PCOS is characterized by the hair on the body and face and in some cases baldness. PCOS may lead to health problems like heart disease and diabetes.  Hormone imbalance can be fixed using birth control pills. This can help reduce the symptoms.

PCOS affects the ovaries hence affecting the production of estrogen and progesterone hormones which regulate the menstrual cycle. Ovaries also produce a male hormone called androgen. This hormone is produced in small amounts.

Features of polycystic ovarian syndrome include:

  • irregular or skipped periods
  • cysts in the ovaries
  • high levels of male hormones.

Causes of Polycystic ovarian syndrome

Doctors don’t know the exact cause of PCOS. However, they believe that higher than normal levels of male hormones prevent the production of hormones by the ovaries as well as prevent them from making eggs normally.

Excess production of androgen hormone is linked to inflammation, genes, and insulin resistance.

  1. Genes – PCOS is passed down in families. Many genes contribute to PCOS and not just one gene.
  2. Insulin resistance – a majority of people with PCOS have insulin resistance. When cells are unable to use insulin properly, the demand for insulin in the body increases. As a result, the pancreas has to make more insulin to compensate. This extra insulin causes the ovaries to produce more male hormones.

Common symptoms of PCOS

Symptoms of PCOS start in the first period. Other women discover PCOS after gaining a lot of weight or having trouble getting pregnant.

Common symptoms of PCOS include:

  1. Heavy bleeding – periods are usually heavier because the uterine lining builds up for a longer time.
  2. Irregular periods – lack of ovulation prevents the monthly shedding of the uterine lining.
  • Hair growth – a lot of women with PCOS grow hair on the face, chest, back, and belly. Excess growth of hair is known as hirsutism.
  1. Acne – male hormones cause the skin to become oilier thus triggering breakouts on the upper back, face, and chest.
  2. Weight gain – the majority of women with PCOS are overweight
  3. Darkening of the skin – dark patches form in the neck, under the breasts, and in the groin
  • male pattern baldness – hair on the scalp becomes thin and falls out
  • Headaches – changes in hormones can cause headaches in some people.

 

How does PCOS affect the body?

Higher levels of male hormones affect fertility in addition to other aspects of a person’s health.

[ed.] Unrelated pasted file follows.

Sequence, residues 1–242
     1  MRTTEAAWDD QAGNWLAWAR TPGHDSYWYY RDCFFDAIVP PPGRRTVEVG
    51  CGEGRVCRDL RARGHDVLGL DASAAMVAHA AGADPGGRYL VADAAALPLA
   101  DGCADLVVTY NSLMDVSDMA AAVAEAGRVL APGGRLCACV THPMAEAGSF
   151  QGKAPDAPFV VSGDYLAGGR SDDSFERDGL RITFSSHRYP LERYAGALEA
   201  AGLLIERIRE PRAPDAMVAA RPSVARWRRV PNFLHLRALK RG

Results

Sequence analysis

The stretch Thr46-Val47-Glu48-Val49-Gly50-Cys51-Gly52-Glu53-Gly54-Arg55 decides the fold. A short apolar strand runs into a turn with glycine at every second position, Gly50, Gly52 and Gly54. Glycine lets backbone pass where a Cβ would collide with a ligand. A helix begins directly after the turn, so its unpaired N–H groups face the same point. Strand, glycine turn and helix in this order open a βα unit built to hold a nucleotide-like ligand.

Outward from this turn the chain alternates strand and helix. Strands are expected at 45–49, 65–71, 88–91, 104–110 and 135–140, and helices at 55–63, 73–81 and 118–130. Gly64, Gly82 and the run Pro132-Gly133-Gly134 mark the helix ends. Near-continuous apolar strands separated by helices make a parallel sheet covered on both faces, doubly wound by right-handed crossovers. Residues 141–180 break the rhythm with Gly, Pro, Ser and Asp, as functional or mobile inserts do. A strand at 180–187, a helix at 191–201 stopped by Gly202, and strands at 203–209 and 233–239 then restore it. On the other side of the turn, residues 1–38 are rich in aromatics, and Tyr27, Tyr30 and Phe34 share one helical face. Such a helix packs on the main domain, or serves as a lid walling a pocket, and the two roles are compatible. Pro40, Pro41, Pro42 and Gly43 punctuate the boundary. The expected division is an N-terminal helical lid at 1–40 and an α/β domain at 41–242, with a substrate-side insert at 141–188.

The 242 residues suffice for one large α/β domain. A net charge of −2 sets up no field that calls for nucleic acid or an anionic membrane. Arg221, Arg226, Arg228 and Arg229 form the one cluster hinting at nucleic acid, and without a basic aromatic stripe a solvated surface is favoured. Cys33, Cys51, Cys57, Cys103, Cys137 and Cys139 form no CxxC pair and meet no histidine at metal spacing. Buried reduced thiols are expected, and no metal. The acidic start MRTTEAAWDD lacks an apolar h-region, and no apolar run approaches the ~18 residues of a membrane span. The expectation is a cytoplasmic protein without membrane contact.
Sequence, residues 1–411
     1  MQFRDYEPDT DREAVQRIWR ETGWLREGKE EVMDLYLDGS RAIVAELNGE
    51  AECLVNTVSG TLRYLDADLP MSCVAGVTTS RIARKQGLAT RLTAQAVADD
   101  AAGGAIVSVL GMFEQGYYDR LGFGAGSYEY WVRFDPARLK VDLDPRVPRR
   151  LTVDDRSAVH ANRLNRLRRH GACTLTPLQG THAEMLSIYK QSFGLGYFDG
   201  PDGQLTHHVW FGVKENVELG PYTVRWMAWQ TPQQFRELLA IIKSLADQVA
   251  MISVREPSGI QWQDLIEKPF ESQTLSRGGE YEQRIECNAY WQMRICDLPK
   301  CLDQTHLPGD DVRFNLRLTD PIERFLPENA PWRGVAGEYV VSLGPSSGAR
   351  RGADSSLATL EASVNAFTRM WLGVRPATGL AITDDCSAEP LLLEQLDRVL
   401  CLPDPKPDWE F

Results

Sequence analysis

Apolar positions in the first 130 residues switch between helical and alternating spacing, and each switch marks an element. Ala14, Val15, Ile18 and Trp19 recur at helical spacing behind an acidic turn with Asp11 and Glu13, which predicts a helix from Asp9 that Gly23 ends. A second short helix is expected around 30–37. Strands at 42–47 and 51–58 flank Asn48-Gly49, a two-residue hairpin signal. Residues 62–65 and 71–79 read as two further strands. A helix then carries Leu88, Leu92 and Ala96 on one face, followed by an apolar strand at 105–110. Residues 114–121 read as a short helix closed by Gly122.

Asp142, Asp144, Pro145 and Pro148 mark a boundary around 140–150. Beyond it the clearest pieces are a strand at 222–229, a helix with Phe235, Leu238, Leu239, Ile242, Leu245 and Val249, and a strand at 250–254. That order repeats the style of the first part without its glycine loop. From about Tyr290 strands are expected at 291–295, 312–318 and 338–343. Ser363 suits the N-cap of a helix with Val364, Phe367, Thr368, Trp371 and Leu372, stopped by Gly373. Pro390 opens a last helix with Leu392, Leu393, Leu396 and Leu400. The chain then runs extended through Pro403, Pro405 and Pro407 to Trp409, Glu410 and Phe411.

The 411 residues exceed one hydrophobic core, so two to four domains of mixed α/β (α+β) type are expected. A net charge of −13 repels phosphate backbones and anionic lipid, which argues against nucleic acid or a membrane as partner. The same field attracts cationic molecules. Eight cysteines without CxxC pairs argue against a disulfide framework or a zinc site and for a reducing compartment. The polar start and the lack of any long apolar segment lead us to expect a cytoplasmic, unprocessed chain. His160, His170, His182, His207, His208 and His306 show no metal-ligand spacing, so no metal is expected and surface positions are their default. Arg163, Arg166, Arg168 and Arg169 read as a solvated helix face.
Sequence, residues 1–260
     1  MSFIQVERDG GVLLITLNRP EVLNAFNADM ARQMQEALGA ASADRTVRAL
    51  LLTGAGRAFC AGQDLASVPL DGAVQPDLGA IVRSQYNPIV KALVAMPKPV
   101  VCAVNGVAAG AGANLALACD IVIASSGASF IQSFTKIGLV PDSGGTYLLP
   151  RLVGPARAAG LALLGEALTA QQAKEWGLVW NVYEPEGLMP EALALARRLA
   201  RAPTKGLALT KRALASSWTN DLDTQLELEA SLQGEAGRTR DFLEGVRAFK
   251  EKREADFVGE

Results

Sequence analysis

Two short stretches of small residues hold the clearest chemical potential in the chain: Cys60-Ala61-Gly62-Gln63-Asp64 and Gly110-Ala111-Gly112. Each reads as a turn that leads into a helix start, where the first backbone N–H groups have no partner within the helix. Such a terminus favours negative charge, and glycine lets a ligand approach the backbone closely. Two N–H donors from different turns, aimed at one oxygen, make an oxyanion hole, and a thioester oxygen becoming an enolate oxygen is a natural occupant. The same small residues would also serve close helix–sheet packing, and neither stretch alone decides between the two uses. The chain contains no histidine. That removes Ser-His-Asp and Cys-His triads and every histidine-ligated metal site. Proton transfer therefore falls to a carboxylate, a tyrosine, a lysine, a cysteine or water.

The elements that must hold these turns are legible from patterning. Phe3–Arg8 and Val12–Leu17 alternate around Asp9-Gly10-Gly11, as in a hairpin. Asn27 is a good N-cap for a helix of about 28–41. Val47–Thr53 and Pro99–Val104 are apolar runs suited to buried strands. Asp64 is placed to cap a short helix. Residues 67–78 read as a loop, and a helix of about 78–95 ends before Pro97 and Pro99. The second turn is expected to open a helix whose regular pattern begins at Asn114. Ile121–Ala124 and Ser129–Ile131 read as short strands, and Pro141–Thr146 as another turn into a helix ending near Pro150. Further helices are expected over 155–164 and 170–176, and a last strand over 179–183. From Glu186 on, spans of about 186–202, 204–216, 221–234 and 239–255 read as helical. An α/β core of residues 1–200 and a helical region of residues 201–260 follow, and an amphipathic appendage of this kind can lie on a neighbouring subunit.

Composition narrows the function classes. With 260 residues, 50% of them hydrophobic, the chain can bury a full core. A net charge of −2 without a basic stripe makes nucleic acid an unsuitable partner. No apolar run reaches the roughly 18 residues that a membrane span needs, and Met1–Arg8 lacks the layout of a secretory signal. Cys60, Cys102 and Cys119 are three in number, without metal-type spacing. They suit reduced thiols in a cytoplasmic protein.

1. Infertility – women need to ovulate to get pregnant. Those who do not ovulate as regularly as they should, do not release any eggs to be fertilized. PCOs, therefore, are a leading cause of infertility.
  2. Metabolic syndrome – 80% of women with PCOS are obese. Obesity increases the risk for:
  • high LDL (bad) cholesterol
  • high blood sugar
  • low HDL (good) cholesterol
  • high blood pressure

A combination of these factors makes up metabolic syndrome. Metabolic syndrome increases the risk for stroke, heart disease, and diabetes.

  • sleep apnea – sleep apnea causes repeated pauses in breathing when a person is sleeping which interrupts their sleep. It is common in women who have PCOS. The risk of sleep apnea is more common in women who are obese.
  1. Endometrial cancer – normally, the uterine lining is shed every month during ovulation. If this does not happen every month, the lining builds up. A thickened uterine lining increases the risk of endometrial cancer
  2. Depression – changes in hormones and undesirable symptoms like the growth of hair on the face can negatively affect a person’s emotions.

Diagnosis of PCOS

Doctors diagnose PCOS in women with 2 of the following symptoms:

  • cysts in the ovaries
  • high androgen levels
  • irregular menstrual cycles

During diagnosis, the doctor will want to know if the person has experienced things like weight gain, acne, and growth of hair on the body and face. A pelvic exam can be done to look for problems in the ovaries and other parts of the reproductive system.

Blood tests can be done to check the level of male hormones. Blood tests can also check insulin, triglyceride, and cholesterol levels to determine risk for conditions like diabetes and heart disease.

The doctor may also do an ultrasound to look for abnormal follicles and any other problems with the uterus and ovaries.

Treatment of PCOS

  1. Diet and lifestyle tips to treat PCOS

Lifestyle changes like diet, weight loss, and exercise are the first treatment option for PCOS. Losing weight can help improve the symptoms of PCOS and regulate the menstrual cycle. In addition, weight loss helps lower insulin, improves cholesterol levels, and reduces the risk for diabetes and heart disease.

  1. Medical treatments

Medications and birth control pills can help regulate the menstrual cycle and treat some symptoms of PCOS like acne and growth of hair. For instance, taking progestin daily can help:

  • protect against endometrial cancer
  • restore normal hormone balance
  • relieve symptoms of PCOS like excess hair growth
  • regulate ovulation

Metformin that is used to treat type diabetes can also treat PCOS by improving the levels of insulin. If taken when one is exercising and changing their diet, metformin lowers blood sugar, improves weight, loss, and helps restore a normal menstrual cycle compared to when a person only makes diet and exercise changes.